Q: Can Encrypting File System (EFS) certificates and Web application client certificates conflict with one another? In our environment, we use EFS to secure the My Documents folder on laptops. We also have a key business partner whose extranet requires some of our users to install a client certificate for secure Web-based access to logistics information. One such user’s client certificate recently expired, so I deleted it and requested a new one from our business partner’s Certification Authority (CA). After the CA issued the new certificate, I installed it on the user’s workstation and everything appeared to be working fine. A short time later, however, I received a call from the user saying that he couldn’t access his encrypted My Documents folder. I knew I hadn't deleted the user’s EFS certificate, and I quickly confirmed that by using the Microsoft Management Console (MMC) Certificates snap-in. Luckily, we were able to recover the user’s files using the EFS Recovery Agent certificate. Apparently, the client certificate—rather than the EFS certificate that we provide through the domain—had encrypted the user's files. Is that possible, and if so, why? Aren’t certificate templates supposed to define what purposes a certificate can be used for?

A: It is possible for the client certificate to encrypt user files, and you're on the right track by thinking about certificate templates. Certificate templates define how a certificate can be used and should prevent what happened in your situation if used correctly. Windows workstations automatically request EFS certificates for users based on the Basic EFS template for protecting encrypted files. The only purpose the Basic EFS template allows is EFS certificate creation.

In your case, I think your business partner issued the user a certificate based on the User certificate template instead of the Authenticated Session certificate template. The User certificate template includes EFS, secure email, and client authentication among its purposes. After this certificate was installed, the workstation had two viable EFS certificates and began encrypting new files using your business partner’s EFS certificate. If any files on the workstation were created before you installed the new certificate, the user still would have been able to access them, even after you deleted the expired certificate.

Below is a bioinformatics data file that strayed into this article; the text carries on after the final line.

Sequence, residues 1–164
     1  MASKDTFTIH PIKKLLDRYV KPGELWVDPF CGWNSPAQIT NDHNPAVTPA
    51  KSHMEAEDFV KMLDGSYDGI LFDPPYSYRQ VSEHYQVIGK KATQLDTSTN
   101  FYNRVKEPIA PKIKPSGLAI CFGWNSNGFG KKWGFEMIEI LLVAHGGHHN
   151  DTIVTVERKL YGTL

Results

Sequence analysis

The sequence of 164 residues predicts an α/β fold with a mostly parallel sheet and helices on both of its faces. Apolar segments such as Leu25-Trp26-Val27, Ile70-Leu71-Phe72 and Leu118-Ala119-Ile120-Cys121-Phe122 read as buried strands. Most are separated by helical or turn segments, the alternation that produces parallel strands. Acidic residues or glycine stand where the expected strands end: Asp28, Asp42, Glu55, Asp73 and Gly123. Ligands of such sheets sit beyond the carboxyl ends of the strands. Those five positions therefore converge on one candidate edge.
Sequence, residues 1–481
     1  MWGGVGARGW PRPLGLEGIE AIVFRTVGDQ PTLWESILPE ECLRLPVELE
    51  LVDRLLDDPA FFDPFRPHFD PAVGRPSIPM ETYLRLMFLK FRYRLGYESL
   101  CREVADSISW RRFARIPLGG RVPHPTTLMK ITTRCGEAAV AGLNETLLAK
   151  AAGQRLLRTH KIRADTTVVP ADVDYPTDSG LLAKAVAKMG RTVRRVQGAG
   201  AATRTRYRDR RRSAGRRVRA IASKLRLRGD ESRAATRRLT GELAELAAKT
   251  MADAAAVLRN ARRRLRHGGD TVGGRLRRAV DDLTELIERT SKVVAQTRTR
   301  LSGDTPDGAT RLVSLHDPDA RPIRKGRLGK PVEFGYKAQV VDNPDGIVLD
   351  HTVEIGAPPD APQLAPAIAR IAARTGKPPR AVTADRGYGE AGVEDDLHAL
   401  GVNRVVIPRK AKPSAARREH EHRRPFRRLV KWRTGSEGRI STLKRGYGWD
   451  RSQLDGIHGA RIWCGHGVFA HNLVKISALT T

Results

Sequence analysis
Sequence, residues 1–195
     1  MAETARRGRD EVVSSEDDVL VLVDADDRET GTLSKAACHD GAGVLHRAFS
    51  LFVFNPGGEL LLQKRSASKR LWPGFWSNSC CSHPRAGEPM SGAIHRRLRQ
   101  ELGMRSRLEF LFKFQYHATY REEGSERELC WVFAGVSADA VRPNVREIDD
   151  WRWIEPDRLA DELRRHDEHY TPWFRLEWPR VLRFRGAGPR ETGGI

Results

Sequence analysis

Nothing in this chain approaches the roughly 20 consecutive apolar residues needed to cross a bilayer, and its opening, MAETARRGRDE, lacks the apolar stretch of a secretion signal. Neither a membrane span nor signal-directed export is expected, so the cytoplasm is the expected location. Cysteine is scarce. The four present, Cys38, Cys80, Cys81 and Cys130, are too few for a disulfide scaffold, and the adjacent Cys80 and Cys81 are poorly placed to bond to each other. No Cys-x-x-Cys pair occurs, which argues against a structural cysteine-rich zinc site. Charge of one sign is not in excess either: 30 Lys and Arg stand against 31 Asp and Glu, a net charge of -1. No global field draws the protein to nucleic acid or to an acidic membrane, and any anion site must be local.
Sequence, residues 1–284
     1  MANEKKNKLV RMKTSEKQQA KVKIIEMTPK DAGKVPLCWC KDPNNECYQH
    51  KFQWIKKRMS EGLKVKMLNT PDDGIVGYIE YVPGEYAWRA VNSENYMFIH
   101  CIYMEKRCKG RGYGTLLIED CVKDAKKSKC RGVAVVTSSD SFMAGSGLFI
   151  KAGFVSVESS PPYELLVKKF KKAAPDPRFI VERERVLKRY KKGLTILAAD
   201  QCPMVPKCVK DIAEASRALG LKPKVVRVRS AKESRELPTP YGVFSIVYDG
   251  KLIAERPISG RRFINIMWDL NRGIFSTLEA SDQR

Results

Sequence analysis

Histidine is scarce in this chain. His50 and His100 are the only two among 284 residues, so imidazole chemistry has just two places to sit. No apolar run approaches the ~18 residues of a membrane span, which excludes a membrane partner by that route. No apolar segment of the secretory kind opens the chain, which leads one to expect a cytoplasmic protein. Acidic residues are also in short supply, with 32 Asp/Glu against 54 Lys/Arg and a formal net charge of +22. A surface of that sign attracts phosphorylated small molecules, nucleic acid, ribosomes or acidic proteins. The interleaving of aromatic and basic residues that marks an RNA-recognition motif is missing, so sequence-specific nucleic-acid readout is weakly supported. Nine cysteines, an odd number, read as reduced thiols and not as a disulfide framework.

There are two lessons to be learned from this situation. First, make sure you define data recovery agent certificates via Group Policy and back them up every time you use EFS. Second, administrators should avoid using the User certificate template to secure Web-based applications, especially for outside business partners such as your user. Instead, ask your business partners to issue certificates based on the Authenticated Session certificate template, which doesn't include EFS as one of its purposes. I also recommend looking into BitLocker Drive Encryption, which is a new feature in Windows Vista. I think BitLocker is far superior to EFS as an encryption solution for most laptop encryption needs. For more information about BitLocker, see the "Windows IT Pro" articles "Vista's BitLocker Drive Encryption," June 2007, InstantDoc ID 95673 and "Security Annoyances," February 2007, InstantDoc ID 94414.

For more information about EFS, see the "Windows IT Security" article "Take a Closer Look at EFS," September 2005, InstantDoc ID 47175. To read more about certificates, see the "Windows IT Security" article "Sharing Information Securely," October 2005, InstantDoc ID 47625.